How About a “Snowdoop” Package?

Along with all the hoopla on Big Data in recent years came a lot of hype on Hadoop.  This eventually spread to the R world, with sophisticated packages being developed such as rmr to run on top of Hadoop.

Hadoop made it convenient to process data in very large distributed databases, and also convenient to create them, using the Hadoop Distributed File System.  But eventually word got out that Hadoop is slow, and very limited in available data operations.

Both of those shortcomings are addressed to a large extent by the new kid on the block, Spark, which has an R interface package, sparkr.  Spark is much faster than Hadoop, sometimes dramatically so, due to strong caching ability and a wider variety of available operations.  Recently distributedR has also been released, again with the goal of using R on voluminous data sets, and there is also the more established pbdR.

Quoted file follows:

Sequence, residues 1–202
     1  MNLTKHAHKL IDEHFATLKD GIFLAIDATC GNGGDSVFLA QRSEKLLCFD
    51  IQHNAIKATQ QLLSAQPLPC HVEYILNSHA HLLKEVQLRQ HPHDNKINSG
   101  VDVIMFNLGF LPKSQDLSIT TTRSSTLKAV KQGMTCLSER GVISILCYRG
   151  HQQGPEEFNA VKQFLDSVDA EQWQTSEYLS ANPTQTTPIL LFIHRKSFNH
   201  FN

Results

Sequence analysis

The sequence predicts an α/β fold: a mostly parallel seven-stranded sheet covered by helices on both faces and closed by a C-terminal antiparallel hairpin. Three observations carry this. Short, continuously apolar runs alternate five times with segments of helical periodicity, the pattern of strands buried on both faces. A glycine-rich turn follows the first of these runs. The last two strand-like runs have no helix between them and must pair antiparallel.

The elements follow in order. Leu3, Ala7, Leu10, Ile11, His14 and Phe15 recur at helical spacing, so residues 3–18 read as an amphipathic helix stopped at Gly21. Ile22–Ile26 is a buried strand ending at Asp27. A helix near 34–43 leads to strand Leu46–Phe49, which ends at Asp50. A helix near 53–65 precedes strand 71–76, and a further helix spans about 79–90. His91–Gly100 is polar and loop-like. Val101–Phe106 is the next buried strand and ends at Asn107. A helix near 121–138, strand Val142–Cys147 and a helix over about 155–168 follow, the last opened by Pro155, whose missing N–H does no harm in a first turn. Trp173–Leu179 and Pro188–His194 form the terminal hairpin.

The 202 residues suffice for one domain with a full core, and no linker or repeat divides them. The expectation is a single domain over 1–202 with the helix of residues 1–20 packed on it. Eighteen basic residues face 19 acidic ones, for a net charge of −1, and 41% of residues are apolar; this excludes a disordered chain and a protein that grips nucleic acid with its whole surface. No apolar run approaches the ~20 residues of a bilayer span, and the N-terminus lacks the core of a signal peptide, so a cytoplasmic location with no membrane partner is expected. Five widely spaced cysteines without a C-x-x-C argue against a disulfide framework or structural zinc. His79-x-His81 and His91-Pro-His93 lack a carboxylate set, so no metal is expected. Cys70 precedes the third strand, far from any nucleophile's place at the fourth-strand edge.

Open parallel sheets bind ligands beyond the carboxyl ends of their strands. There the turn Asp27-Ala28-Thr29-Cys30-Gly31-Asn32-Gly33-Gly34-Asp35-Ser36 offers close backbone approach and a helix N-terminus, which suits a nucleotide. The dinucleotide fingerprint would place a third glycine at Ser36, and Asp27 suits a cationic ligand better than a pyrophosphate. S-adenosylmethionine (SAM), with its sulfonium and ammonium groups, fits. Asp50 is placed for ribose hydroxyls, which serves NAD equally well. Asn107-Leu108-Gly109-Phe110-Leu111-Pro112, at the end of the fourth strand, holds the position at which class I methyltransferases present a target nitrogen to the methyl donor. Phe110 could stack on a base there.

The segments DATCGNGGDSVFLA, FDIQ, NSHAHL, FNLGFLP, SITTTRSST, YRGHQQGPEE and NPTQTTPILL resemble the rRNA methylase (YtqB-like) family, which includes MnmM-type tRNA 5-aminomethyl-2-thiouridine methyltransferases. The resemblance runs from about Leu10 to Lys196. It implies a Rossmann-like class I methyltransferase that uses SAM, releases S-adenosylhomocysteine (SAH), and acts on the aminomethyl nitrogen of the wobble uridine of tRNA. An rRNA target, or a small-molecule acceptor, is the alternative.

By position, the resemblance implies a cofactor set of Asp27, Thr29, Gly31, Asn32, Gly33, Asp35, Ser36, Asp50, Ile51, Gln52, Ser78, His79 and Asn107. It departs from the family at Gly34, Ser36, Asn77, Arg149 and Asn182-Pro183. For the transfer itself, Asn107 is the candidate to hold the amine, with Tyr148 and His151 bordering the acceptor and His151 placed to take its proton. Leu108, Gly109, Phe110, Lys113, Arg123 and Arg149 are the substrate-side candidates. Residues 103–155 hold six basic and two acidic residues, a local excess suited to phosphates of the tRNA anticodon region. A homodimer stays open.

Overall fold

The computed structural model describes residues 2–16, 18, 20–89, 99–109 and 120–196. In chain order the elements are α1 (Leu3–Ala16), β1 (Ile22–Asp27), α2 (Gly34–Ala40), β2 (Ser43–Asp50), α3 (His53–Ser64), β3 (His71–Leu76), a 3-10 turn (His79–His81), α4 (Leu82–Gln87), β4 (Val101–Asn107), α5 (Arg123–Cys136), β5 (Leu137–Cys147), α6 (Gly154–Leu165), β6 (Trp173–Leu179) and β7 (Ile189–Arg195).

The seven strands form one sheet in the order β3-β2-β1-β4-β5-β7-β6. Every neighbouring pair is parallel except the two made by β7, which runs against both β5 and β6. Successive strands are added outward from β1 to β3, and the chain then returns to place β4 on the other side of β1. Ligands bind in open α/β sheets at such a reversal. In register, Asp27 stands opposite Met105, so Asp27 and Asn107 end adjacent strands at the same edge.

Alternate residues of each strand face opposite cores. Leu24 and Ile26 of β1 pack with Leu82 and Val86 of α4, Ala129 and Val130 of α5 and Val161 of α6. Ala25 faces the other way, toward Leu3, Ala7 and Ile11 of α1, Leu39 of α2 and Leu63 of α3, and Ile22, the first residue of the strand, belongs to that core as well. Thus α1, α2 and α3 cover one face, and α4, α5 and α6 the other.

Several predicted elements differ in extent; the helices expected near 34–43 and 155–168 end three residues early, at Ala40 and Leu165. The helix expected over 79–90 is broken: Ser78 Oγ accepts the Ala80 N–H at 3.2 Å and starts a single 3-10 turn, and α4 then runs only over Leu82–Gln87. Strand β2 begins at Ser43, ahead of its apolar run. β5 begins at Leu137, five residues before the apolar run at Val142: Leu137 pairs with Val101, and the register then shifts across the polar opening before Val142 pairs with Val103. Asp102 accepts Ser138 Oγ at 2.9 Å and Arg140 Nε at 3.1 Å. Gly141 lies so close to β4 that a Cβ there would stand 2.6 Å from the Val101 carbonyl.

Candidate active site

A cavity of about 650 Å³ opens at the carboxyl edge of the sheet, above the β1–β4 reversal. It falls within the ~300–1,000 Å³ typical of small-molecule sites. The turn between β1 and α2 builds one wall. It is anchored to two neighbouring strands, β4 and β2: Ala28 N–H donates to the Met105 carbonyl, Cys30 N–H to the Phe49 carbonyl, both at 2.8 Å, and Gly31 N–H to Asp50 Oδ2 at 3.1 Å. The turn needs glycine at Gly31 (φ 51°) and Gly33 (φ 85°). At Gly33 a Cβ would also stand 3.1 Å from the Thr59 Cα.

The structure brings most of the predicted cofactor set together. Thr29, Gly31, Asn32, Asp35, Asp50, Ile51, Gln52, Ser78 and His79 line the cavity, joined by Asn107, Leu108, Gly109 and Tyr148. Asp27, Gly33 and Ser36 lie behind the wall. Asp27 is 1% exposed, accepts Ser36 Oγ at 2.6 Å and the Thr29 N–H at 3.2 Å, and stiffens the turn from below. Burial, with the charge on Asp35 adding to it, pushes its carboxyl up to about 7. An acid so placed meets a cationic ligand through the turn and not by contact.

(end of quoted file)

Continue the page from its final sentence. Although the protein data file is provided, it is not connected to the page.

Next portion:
However, I’d like to raise a question here:  Do we really need all that complicated machinery?  I’ll propose a much simpler alternative here, and am curious to see what people think.  (Disclaimer:  I have only limited experience with Hadoop, and only a bit with SparkR.   I’ll present a proposal below, and very much want to see what others think.)

These packages ARE complicated.  There is a considerable amount of configuration to do, worsened by dependence on infrastructure software such as Java or MPI, and in some cases by interface software such as rJava.  Some of this requires systems knowledge that many R users may lack.  And once they do get these systems set up, they may be required to design algorithms with world views quite different from R, even though they are coding in R.